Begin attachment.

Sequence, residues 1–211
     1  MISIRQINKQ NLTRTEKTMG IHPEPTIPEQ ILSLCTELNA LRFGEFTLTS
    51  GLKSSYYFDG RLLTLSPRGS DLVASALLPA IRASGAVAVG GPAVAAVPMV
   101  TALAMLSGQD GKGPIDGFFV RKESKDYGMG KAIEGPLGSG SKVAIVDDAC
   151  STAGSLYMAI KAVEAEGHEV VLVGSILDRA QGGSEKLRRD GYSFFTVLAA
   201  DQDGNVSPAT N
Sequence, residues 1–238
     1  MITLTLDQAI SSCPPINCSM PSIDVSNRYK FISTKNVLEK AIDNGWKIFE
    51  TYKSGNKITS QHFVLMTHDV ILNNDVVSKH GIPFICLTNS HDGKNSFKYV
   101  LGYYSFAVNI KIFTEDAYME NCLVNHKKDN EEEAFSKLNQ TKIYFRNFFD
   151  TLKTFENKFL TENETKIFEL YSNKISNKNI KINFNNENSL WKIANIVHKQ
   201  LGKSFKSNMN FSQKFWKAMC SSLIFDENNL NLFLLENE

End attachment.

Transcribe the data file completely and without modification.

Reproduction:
Sequence, residues 1–211
     1  MISIRQINKQ NLTRTEKTMG IHPEPTIPEQ ILSLCTELNA LRFGEFTLTS
    51  GLKSSYYFDG RLLTLSPRGS DLVASALLPA IRASGAVAVG GPAVAAVPMV
   101  TALAMLSGQD GKGPIDGFFV RKESKDYGMG KAIEGPLGSG SKVAIVDDAC
   151  STAGSLYMAI KAVEAEGHEV VLVGSILDRA QGGSEKLRRD GYSFFTVLAA
   201  DQDGNVSPAT N
Sequence, residues 1–238
     1  MITLTLDQAI SSCPPINCSM PSIDVSNRYK FISTKNVLEK AIDNGWKIFE
    51  TYKSGNKITS QHFVLMTHDV ILNNDVVSKH GIPFICLTNS HDGKNSFKYV
   101  LGYYSFAVNI KIFTEDAYME NCLVNHKKDN EEEAFSKLNQ TKIYFRNFFD
   151  TLKTFENKFL TENETKIFEL YSNKISNKNI KINFNNENSL WKIANIVHKQ
   201  LGKSFKSNMN FSQKFWKAMC SSLIFDENNL NLFLLENE